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The Social Origins of Language

By Daniel Dor

Presents a new theoretical framework for the origins of human language and sets key issues in language evolution in their wider context within biological and cultural evolution


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Preposition Placement in English: A Usage-Based Approach

By Thomas Hoffmann

This is the first study that empirically investigates preposition placement across all clause types. The study compares first-language (British English) and second-language (Kenyan English) data and will therefore appeal to readers interested in world Englishes. Over 100 authentic corpus examples are discussed in the text, which will appeal to those who want to see 'real data'


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Academic Paper


Title: Children with Specific Language Impairment in Finnish: the use of tense and agreement inflections
Author: Sari Kunnari
Institution: University of Oulu
Author: Tuula Savinainen-Makkonen
Institution: University of Oulu
Author: Laurence B. Leonard
Institution: Purdue University
Author: Leena Mäkinen
Institution: University of Oulu
Author: Anna-Kaisa Tolonen
Institution: University of Oulu
Author: Mirja Luotonen
Institution: Oulu University Hospital
Author: Eeva Leinonen
Institution: King's College London
Linguistic Field: Language Acquisition; Morphology; Psycholinguistics; Syntax
Subject Language: Finnish
Abstract: Children with specific language impairment (SLI) vary widely in their ability to use tense/agreement inflections depending on the type of language being acquired, a fact that current accounts of SLI have tried to explain. Finnish provides an important test case for these accounts because: (1) verbs in the first and second person permit null subjects whereas verbs in the third person do not; and (2) tense and agreement inflections are agglutinating and thus one type of inflection can appear without the other. Probes were used to compare the verb inflection use of Finnish-speaking children with SLI, and both age-matched and younger typically developing children. The children with SLI were less accurate, and the pattern of their errors did not match predictions based on current accounts of SLI. It appears that children with SLI have difficulty learning complex verb inflection paradigms apart from any problem specific to tense and agreement.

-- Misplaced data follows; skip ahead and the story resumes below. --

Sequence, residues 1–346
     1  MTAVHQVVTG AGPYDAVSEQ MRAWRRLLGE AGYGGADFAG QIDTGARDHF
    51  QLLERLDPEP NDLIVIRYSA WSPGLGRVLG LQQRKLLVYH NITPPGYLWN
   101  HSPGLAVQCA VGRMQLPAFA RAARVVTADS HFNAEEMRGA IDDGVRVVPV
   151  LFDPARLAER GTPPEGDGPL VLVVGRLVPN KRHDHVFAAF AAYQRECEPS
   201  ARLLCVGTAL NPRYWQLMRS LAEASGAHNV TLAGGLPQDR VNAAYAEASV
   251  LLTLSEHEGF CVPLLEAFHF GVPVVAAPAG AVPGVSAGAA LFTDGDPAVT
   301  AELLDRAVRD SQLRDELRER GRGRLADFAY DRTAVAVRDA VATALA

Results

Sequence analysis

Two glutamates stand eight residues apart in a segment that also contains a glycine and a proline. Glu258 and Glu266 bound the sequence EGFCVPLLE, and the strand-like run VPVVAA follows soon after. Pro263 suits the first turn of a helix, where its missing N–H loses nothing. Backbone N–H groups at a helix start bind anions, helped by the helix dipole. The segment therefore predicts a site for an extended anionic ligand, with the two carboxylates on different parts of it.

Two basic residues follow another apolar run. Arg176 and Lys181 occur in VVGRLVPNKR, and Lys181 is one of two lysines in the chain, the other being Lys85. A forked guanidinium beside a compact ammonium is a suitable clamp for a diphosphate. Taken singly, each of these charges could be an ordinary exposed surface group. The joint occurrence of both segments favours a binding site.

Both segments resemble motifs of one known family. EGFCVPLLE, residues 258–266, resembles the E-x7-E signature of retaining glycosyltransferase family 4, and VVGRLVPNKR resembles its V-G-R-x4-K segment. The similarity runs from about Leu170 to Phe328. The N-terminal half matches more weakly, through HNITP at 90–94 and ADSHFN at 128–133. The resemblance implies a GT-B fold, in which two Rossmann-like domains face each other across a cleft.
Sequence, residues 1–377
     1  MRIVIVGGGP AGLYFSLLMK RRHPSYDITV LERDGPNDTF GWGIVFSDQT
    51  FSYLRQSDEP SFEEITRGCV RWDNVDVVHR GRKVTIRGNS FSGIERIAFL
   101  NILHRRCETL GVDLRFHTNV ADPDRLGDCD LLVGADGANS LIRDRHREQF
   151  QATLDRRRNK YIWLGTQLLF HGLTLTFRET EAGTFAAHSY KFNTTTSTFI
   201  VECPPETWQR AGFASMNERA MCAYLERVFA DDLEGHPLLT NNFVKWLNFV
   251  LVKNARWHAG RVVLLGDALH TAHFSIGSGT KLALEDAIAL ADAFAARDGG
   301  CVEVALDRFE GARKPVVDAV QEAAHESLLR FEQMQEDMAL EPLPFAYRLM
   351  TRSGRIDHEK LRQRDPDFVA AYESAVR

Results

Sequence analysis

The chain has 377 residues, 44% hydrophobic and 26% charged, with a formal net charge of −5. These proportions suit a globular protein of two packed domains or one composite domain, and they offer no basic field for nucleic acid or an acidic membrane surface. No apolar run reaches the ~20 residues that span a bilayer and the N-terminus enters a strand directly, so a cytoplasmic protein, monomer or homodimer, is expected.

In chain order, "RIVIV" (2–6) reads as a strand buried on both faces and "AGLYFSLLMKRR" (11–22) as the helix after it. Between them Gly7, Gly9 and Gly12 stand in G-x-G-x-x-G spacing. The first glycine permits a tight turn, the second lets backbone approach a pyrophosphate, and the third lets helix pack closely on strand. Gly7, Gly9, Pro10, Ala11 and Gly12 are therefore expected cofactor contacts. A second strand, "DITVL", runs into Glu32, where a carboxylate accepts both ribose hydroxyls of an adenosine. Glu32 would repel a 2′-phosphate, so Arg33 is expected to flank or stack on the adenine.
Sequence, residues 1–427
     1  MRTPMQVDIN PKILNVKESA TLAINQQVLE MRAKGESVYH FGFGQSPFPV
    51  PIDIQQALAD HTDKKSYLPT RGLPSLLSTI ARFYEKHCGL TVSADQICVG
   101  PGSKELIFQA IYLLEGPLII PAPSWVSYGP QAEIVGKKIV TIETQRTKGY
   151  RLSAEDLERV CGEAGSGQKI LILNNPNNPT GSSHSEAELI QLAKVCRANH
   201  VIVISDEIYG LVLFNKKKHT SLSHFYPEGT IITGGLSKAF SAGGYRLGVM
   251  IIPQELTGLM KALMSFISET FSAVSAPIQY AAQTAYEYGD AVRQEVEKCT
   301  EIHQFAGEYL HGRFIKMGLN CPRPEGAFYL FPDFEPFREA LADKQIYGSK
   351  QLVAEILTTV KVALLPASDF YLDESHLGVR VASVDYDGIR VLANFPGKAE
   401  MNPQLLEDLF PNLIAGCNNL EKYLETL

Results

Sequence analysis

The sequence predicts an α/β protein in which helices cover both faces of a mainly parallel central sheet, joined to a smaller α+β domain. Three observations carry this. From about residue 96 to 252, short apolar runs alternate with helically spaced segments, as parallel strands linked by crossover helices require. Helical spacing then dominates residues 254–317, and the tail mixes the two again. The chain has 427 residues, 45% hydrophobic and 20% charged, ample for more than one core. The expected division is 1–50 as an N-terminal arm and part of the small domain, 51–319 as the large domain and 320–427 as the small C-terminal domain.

CUP at LINGUIST

This article appears in Journal of Child Language Vol. 38, Issue 5, which you can read on Cambridge's site .



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